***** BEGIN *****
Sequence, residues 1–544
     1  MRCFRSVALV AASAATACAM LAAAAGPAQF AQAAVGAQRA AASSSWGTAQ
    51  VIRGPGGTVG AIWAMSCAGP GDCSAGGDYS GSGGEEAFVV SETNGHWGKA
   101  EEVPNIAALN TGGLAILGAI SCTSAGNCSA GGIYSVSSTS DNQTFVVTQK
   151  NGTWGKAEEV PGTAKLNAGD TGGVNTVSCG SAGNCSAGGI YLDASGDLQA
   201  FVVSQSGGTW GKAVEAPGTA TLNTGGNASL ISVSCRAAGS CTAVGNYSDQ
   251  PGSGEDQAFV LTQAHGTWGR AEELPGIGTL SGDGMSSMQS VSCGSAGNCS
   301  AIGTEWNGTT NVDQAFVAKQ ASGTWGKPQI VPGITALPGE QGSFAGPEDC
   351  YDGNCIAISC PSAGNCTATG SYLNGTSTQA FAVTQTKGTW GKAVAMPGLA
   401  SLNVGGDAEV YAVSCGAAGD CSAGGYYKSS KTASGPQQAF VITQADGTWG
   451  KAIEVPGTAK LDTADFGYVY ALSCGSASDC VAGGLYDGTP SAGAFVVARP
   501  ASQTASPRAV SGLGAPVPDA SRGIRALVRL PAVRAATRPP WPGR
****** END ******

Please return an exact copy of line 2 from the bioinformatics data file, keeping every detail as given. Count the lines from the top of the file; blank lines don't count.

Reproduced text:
     1  MRCFRSVALV AASAATACAM LAAAAGPAQF AQAAVGAQRA AASSSWGTAQ